TOKYO (PRWEB) April 14, 2014
Every art historian nowadays (except Kazuo Ueno) dismisses Johannes Vermeer’s hidden influence on Christiaan Huygens regarded as the most powerful light physics and astronomy researcher in the 17th Century. According to Ueno, unlike Anton van Leeuwenhoek’s close relation to Vermeer, the role of light in both science and art in Vermeer’s paintings was never recognized by anybody. He believes that Christiaan Huygens’ influence was entirely neglected in the context of Vermeer’s work even though Huygens is a scientist and so is Vermeer.
People also dismiss the fact that Christiaan Huygens invented microtonal music theory. According to Ueno, Constantijn Huygens’ (Christiaan’s father) interest for Vermeer’s painting shows that Huygens serves as the intersection between the history of painting, music and physics.
In Ueno’s “The Light Theatre Opened to Universe (II),” he masterfully lays out the elements of faith in Vermeer’s’ use of warped optics in his carefully composed paintings and the Japanese art concept called ‘Mitate’ (literally translated: look alike) that originally comes from an 18th Century Japanese Ukiyo-e painter named Suzuki Harunobu. From this, Ueno comes up with a brilliant exposition of a new theory for the pictorial universe, one that creates depth of perception and greater understanding of light in relation to what is seen.
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About the Author
Kazuo Ueno was born in 1952, in Tokyo. He is a journalist by profession who is especially interested in archaeology. He graduated from Nihon University with degrees in science and engineering; he also graduated with honors from the College of Literature and Science from the same university. He was a Tokyo Chofu City Archaeological Excavations Research Society assistant from 1980-83. His first article published in Jyuken no Nihonsi (Exam for Japanese History), Kofun (Ancient Tomb) Period, Seibun-sha Publisher, October 1985. His main published article is ‘Rekisi Dokuhon’ (History Magazine), Mawaki & Torihama Site, Shin-Jinbutu-Ourai Publisher, November 1985. Subsequently, he has had many other published articles such as ‘Rekisi to Tabi’ (History and Travel, Akita Book Store Publisher), ‘Rekisi Kaidou’ (History Road, PHP Institute), ‘AZ’ (Shin-Jinbutu-Ourai Publisher), ‘Rekisi Eye’ (History Eye, Nihon Bungei Sha). Ueno participated in the archaeological research excavation at Levroux, France (sponsored by Saint Germain en Laye Museum in Paris, France, 1981); in the archaeological research excavation at Metaponto, Italy (sponsored by Texas University, USA, 1983); the anthropological research excavation at Lazare, Nice, France (sponsored by Institut de Paléontologie Humaine, Paris, France, 1988). From 1989-1991, he wrote for Eikoku News Digest, Ohshu Journal (these are newspapers for Japanese people who live in England). He visited Iceland for filming of an NHK natural history satellite TV programme as London correspondent/coordinator in 1996. While staying in England, he took part in international exhibitions; he was also a fixture in several projects for local museums in Japan; and published many articles in the field of archaeology and natural history as a correspondent (1989-2005). He organized the World Dugout Canoe Collection for Wakasa Mikata Jomon Museum, Fukui Prefecture, a project motivated by new stone age dugout canoe finding in Japan; and the World Earring Collection for Shinto Village, Gunma Prefecture, motivated from over 600 new stone age earring findings in Japan. Apart from the preceding activity concerning archaeology, Ueno in the 80’s and 90’s was mainly based in Tokyo in the former period and London in the latter, and a busy freelance journalist specially interested in general science and fringe science (such as UFO). A lot of articles for Japanese science journals were published in this period. He has also worked for Japanese media (TV), appearing as Science Journalist and a TV program coordinator mainly in internationally linked fringe science subjects. His published books include: “Noh Stage for Jomon (New Stone Age) People” in Japan, 2004; “New Vermeer Theory: The Light Theatre Opened to Universe,” 2008; and “New Vermeer Theory: The Light Theatre Opened to Universe (II),” 2012 (this book, but a Japanese version).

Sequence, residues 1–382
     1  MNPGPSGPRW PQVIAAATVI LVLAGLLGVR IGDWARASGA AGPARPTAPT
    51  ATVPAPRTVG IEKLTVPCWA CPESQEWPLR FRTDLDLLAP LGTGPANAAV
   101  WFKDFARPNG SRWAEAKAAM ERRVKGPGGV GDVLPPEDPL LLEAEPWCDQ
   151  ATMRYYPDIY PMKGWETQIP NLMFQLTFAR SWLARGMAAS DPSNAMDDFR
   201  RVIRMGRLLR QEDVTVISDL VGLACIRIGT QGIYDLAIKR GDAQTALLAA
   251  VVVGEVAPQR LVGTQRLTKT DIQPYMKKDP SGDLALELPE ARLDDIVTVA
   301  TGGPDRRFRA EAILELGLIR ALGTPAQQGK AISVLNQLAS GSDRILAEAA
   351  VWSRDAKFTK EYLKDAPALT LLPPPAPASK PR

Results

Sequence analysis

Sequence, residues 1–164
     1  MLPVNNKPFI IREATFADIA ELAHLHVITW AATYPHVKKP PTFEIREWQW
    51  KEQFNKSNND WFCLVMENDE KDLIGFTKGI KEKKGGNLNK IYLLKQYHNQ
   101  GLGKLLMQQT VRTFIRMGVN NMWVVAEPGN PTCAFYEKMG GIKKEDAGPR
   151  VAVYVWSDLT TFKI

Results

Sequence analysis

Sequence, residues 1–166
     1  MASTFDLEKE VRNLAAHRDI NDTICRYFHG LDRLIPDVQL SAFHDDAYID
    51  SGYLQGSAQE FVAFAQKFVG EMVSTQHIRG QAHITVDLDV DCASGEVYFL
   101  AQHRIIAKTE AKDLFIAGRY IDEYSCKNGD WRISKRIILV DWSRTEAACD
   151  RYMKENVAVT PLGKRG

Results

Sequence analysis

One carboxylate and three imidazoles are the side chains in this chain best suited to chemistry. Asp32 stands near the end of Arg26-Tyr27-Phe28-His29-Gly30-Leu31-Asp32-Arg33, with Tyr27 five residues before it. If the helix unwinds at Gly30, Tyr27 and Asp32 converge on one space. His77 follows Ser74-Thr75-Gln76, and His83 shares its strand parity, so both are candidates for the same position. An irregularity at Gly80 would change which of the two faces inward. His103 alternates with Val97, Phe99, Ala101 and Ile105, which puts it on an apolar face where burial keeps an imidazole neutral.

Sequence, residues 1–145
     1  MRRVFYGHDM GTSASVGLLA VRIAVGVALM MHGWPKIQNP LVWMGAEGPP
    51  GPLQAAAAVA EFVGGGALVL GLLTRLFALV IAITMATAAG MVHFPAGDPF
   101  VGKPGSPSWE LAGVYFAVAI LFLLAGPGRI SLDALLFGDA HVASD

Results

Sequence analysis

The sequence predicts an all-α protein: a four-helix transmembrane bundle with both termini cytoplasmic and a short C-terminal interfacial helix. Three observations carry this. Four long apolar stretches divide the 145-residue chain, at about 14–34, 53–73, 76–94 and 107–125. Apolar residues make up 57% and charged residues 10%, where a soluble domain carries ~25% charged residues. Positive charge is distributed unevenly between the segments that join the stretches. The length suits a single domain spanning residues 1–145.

The Light Theatre Opened to Universe (II) * by Kazuo Ueno
New Vermeer Theory
Publication Date: November 25, 2013
Trade Paperback; $19.99; 98 pages; 978-1-4836-6391-3
Trade Hardback; $39.99; 98 pages; 978-1-4836-6392-0
e-book; $3.99; 978-1-4836-6393-7
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